Anxiety is not always obvious in children, they will not necessarily voice their worries and fears. It may manifest itself physically; headaches, sleep disturbance, nail biting, chest pain, nausea, stomach ailments, to name a few. The list is quite long and different for each child. The child may refuse to go to school, begin to exhibit a high anger level or short fuse. They may begin to argue with their parents about everything from dinner to bedtime to homework. The worries and fears are buried down deep and are expressed through their anger. The child also may begin to avoid activities that they used to enjoy. The child who no longer wants to go to karate may actually be worried that their skills are not as good as everyone else in the class. If they do not attend karate anymore they will not have to address this worry. The adolescent who is refusing to begin their college applications may actually be worried that they will not get into college and therefore if they avoid applying they will not have to face this fear. Children may also establish rituals to maintain perceived control of their life, to reduce their fears. If the ritual is upset or altered they may become extremely upset.
Addressing High Anxiety Levels
Parents can be helpful to their children with high anxiety by modeling and helping the child to alter their cognitive distortions or the way they think and process situations. Children learn how to behave in certain situations by social modeling, they watch others. They also learn how to react in certain situations by watching how others react. If you as a parent or caregiver experience difficulty with emotional regulation, your child may also exhibit a lack of this regulation. In simpler terms if you are an “over reactor” your child may also be an “over reactor”. They have learned the importance of events by watching their parents/caregivers react.
If someone took your parking space on the street and you enter the home ranting about it for 10 minutes, the child has observed and internalized that someone taking a parking space is an awful, terrible thing. They have also learned that the way you deal with it is to rant and rave about it. You have put the loss of a parking space on the same emotional level as something much more serious. The little things, become really big things and elicit a big reaction. The next day someone takes your child’s seat in the cafeteria, how will they react? How much anxiety will it provoke? Just yesterday they learned that ranting and raving about it is the way to go. However, this did not solve the problem. While they vented about it, the feelings surrounding it have been suppressed. Adults must realize that children are watching and learning from them constantly. It is through this observation that children will form cognitions (thought processes). These cognitions may be healthy or distorted depending on the learning that has occurred.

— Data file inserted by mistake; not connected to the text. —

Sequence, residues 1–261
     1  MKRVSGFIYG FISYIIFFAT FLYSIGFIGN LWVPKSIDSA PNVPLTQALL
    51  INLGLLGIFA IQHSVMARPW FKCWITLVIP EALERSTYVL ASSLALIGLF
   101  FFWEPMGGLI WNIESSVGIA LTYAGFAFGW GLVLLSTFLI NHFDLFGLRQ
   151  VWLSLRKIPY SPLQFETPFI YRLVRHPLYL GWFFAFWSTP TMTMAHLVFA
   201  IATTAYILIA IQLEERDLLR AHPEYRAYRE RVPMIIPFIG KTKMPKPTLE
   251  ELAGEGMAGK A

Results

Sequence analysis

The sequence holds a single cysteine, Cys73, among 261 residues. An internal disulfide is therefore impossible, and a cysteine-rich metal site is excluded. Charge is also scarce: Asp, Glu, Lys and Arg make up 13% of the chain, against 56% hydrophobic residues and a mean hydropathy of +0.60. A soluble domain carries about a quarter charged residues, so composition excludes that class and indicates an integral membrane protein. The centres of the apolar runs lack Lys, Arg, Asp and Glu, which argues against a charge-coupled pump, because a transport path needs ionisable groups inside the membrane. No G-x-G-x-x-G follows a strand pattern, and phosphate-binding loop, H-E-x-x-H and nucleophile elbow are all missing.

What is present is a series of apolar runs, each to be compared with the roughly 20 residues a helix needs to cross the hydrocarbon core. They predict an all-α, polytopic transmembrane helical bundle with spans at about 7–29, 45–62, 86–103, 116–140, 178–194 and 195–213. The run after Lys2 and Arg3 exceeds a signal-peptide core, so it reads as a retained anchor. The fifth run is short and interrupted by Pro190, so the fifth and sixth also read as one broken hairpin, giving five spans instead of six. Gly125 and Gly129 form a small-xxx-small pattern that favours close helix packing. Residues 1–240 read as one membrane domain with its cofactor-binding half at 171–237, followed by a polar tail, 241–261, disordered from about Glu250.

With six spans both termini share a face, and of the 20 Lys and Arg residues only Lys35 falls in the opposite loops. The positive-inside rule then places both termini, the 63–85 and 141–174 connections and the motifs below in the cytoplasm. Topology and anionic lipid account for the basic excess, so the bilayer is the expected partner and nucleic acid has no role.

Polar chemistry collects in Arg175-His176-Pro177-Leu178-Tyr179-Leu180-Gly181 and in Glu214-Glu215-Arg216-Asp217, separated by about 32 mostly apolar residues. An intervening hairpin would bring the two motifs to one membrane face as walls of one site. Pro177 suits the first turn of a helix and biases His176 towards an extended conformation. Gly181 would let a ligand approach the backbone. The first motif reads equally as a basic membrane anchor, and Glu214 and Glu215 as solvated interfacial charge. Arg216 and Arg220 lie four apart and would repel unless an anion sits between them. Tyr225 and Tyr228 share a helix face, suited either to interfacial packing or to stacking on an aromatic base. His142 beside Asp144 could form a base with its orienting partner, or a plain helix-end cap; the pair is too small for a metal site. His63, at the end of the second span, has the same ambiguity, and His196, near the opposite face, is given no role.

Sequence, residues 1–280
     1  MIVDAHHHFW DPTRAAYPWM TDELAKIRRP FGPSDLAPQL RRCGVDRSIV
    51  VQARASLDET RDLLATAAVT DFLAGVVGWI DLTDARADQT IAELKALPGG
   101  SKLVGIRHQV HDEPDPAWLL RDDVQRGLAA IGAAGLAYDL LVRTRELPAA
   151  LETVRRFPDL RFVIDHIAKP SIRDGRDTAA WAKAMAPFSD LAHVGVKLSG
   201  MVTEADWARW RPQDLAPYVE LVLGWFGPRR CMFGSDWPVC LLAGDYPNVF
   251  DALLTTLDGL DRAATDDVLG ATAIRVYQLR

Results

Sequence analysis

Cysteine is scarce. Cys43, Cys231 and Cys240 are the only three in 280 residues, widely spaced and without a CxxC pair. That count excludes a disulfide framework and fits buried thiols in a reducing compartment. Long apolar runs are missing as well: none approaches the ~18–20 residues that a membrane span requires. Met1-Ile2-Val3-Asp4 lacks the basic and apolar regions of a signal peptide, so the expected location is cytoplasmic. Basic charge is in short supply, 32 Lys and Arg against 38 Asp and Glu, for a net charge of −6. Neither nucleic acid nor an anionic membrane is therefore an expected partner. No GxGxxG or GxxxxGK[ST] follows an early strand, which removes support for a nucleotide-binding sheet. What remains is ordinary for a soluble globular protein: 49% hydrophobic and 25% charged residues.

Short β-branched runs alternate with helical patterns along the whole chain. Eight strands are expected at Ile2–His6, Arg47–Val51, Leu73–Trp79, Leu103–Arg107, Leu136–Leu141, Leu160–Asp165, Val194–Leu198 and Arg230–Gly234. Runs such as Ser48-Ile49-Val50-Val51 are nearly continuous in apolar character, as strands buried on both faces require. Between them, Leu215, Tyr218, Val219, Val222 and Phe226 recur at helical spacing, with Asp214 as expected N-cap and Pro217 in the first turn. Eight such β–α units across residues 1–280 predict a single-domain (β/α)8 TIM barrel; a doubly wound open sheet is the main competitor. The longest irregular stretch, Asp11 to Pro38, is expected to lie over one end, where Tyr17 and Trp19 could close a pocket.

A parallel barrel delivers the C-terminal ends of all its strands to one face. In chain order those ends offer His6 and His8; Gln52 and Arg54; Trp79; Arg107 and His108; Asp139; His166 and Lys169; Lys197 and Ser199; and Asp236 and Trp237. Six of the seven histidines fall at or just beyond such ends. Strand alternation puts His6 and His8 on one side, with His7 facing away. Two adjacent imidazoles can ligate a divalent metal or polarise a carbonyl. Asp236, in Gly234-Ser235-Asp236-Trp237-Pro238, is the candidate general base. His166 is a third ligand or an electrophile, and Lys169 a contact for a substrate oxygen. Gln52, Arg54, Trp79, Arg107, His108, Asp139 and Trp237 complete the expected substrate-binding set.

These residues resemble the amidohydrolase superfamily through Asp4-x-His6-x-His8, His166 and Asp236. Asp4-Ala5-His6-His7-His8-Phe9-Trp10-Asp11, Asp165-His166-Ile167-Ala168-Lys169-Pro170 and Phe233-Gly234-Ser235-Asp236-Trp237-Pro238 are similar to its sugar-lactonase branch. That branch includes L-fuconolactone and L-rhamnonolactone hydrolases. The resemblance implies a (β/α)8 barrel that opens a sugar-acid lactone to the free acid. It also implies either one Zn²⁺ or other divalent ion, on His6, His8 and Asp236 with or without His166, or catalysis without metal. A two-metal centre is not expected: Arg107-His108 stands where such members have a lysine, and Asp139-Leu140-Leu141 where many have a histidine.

However, if your child is already experiencing high anxiety there are techniques that may be utilized to reduce their level. If you suspect your child may have a tendency for higher anxiety these techniques will also help. These techniques will be explored in the next segment.